If stocks should keep rising, with or without earnings support, then the Fed will take steps towards a move. That could kick out more than the monetary softness leg, as another rate tick higher (or a sense that one is imminent) would start to send the dollar back higher and oil lower again. If the Fed doesn’t raise rates, it’ll be either because the data is too weak or the stock market is too weak. If it’s the former, stocks can still survive on sentiment for a time, but I wouldn’t want to be going into May hoping for weak data as the mainstay support of my equity positions. It isn’t as if turning the calendar flips a switch – and overly anticipated seasonal changes have a way of not happening – but it certainly isn’t another source of strength.
In the meantime, the economic data points lopsidedly towards the ending of the business cycle, with only employment holding up. It has admittedly held up very well in the classic sense, as claims remains low and job growth modest, yet still good enough, right in the stock market’s comfort zone. Employment is a lagging indicator, however. The shifting composition of our labor force – more services, less goods production – may have made it more so, prolonging the belief in a new plateau (there are none) and that this time is different. This time is never an exact copy of the last time, but that doesn’t mean new laws of economics.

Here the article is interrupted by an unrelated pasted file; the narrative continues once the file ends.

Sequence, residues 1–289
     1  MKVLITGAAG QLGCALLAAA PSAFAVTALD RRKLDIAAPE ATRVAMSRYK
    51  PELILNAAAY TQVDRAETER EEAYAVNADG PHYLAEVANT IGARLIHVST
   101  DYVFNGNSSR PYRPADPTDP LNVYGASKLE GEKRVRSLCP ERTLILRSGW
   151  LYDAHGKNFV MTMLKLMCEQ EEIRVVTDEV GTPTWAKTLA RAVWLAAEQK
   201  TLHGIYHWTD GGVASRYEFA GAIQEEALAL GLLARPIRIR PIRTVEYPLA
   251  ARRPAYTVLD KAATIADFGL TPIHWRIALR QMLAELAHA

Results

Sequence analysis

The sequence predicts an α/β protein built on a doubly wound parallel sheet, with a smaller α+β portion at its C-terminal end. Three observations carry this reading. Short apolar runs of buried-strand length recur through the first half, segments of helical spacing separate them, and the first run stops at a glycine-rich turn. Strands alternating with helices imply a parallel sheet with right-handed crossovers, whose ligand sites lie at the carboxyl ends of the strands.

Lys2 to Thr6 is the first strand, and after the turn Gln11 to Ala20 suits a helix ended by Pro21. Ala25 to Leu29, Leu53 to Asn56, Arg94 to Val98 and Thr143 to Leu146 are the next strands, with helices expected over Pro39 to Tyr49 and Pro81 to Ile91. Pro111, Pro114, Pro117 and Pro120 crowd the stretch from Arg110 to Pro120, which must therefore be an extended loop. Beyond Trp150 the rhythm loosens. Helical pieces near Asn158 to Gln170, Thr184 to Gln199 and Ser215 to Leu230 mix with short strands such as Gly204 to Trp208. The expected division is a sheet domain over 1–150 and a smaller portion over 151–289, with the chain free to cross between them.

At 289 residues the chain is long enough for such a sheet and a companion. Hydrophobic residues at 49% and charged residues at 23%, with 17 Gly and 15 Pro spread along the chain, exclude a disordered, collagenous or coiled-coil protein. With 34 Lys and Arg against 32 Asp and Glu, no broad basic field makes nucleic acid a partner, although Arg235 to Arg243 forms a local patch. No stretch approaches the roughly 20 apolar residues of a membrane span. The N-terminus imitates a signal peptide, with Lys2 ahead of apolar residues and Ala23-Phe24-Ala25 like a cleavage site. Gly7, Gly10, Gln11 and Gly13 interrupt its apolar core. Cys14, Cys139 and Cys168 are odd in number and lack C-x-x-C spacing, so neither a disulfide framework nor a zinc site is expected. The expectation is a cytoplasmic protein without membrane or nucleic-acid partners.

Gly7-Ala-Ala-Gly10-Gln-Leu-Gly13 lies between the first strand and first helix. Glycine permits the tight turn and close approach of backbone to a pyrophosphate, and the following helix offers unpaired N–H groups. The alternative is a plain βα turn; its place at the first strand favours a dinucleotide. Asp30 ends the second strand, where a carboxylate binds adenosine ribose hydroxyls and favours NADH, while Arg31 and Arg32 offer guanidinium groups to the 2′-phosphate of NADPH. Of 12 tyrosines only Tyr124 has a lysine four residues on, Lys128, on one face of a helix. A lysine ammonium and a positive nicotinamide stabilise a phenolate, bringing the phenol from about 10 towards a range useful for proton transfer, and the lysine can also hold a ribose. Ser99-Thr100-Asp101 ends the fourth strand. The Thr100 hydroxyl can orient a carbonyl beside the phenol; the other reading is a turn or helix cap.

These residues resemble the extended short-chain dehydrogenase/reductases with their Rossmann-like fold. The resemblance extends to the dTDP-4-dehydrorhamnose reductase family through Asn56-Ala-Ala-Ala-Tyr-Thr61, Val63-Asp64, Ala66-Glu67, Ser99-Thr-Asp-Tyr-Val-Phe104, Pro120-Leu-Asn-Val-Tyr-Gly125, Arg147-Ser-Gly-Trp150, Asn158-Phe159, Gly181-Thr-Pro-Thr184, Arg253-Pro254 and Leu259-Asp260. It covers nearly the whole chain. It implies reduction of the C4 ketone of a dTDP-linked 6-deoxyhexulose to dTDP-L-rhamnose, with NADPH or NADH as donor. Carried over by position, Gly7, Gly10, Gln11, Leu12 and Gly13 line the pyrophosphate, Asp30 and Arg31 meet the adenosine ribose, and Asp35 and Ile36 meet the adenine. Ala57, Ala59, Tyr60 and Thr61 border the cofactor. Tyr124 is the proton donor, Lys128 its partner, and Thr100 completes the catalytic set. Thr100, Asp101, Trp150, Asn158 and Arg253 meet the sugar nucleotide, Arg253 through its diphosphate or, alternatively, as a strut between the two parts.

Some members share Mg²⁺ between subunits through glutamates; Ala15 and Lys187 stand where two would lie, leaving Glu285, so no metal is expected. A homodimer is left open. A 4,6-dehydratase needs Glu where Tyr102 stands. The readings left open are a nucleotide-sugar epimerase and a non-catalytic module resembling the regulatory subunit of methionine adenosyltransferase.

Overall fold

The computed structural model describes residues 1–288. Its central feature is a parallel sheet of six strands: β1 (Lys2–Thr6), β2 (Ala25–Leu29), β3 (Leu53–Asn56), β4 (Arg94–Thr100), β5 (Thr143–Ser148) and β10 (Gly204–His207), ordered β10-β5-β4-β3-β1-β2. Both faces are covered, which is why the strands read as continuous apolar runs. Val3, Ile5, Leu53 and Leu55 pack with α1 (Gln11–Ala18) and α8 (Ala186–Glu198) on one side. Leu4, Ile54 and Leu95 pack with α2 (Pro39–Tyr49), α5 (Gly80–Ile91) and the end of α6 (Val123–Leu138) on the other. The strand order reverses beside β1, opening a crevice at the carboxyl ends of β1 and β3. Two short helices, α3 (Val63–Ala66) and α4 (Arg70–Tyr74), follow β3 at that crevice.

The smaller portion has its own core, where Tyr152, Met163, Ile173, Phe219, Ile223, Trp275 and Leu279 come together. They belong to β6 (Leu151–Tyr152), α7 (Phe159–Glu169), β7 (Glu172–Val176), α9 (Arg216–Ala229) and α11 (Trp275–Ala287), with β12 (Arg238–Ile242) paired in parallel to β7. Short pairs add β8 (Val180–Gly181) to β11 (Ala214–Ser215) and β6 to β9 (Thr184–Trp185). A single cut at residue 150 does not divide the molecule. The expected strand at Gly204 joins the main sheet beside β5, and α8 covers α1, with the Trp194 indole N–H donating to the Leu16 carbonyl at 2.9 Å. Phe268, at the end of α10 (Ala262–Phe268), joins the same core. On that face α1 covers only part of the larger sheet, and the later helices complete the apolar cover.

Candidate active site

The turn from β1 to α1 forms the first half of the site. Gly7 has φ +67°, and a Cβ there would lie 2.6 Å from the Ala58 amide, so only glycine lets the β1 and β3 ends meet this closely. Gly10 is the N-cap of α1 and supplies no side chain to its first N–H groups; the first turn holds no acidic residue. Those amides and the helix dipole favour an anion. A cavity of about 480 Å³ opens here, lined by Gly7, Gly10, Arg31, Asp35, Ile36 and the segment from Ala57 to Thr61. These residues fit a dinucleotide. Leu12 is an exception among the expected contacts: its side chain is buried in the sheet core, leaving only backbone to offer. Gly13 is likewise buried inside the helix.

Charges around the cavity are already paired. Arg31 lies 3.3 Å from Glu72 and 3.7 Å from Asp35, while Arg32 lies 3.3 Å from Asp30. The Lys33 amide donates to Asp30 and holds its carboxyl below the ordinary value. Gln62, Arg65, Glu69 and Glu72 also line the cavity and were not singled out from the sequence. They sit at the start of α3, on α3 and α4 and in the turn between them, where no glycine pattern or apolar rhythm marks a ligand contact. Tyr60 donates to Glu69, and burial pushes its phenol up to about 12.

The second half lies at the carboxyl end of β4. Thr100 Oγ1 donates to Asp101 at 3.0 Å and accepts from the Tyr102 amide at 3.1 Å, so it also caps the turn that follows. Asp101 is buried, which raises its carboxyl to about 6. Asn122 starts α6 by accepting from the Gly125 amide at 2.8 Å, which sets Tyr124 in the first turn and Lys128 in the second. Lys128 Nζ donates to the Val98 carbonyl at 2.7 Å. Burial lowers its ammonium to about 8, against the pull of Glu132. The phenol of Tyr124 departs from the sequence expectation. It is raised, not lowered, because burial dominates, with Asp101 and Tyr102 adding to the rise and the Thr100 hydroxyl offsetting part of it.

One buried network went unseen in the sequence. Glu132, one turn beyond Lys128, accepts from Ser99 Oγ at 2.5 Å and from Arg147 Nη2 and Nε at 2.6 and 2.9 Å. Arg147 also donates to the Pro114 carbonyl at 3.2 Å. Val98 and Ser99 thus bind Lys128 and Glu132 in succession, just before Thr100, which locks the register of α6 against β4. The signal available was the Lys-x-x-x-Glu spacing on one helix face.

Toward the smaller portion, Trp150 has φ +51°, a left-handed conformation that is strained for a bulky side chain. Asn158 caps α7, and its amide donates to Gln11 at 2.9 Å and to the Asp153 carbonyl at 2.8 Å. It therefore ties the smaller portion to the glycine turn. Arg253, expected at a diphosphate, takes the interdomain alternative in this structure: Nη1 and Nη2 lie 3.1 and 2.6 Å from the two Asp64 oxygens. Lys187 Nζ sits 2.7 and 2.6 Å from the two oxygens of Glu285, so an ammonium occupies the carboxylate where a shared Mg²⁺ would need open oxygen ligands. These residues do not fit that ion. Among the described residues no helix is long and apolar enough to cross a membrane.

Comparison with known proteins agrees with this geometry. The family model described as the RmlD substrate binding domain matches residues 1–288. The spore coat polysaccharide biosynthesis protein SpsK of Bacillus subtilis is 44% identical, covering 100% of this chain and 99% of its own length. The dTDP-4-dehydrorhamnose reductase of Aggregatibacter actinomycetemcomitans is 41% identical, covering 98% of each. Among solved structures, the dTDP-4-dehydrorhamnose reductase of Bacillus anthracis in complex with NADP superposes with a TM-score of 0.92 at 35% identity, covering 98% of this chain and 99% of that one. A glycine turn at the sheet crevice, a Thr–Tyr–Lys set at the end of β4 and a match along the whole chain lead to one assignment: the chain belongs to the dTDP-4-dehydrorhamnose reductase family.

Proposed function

For now, I still believe that all the market has really done is move back to the top of the trading range it’s been in for over a year. Prices could of course still move a bit higher, but the next big move is almost surely down.
The Economic Beat
A quiet week of economic releases favored the tape (quiet weeks consistently favor a continuation of the previous week’s trend) and left the stage to earnings. While housing news was the main theme, the surprise report of the week was the Philadelphia Fed’s business activity survey that mainly concerns regional manufacturing.
Although industrial production reports have been consistently weak for many months, recent survey reports had shown a lift from their own streak of bad news. The New York Fed surprised to the upside the week before with a report that showed a broad rebound (though we don’t know how deep it was), and that in turn followed reports showing better results from other regions – Chicago, Dallas, Richmond – as well as the most recent national (ISM) purchasing manager index (PMI) that had managed to climb back above the neutral level of 50.